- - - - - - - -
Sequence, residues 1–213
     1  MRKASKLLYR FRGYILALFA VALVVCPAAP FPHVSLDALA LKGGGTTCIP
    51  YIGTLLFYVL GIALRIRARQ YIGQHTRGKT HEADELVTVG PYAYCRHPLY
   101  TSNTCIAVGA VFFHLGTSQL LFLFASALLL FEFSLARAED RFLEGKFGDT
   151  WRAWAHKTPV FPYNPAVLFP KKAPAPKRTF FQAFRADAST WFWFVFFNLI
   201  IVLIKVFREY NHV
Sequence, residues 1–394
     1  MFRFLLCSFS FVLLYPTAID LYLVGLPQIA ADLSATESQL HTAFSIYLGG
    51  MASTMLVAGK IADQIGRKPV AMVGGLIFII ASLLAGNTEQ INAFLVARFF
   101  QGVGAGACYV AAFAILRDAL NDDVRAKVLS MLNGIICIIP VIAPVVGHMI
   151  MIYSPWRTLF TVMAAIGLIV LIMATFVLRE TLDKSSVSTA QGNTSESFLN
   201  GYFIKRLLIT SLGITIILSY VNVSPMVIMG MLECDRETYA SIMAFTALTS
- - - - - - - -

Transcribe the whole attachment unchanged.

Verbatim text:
Sequence, residues 1–213
     1  MRKASKLLYR FRGYILALFA VALVVCPAAP FPHVSLDALA LKGGGTTCIP
    51  YIGTLLFYVL GIALRIRARQ YIGQHTRGKT HEADELVTVG PYAYCRHPLY
   101  TSNTCIAVGA VFFHLGTSQL LFLFASALLL FEFSLARAED RFLEGKFGDT
   151  WRAWAHKTPV FPYNPAVLFP KKAPAPKRTF FQAFRADAST WFWFVFFNLI
   201  IVLIKVFREY NHV
Sequence, residues 1–394
     1  MFRFLLCSFS FVLLYPTAID LYLVGLPQIA ADLSATESQL HTAFSIYLGG
    51  MASTMLVAGK IADQIGRKPV AMVGGLIFII ASLLAGNTEQ INAFLVARFF
   101  QGVGAGACYV AAFAILRDAL NDDVRAKVLS MLNGIICIIP VIAPVVGHMI
   151  MIYSPWRTLF TVMAAIGLIV LIMATFVLRE TLDKSSVSTA QGNTSESFLN
   201  GYFIKRLLIT SLGITIILSY VNVSPMVIMG MLECDRETYA SIMAFTALTS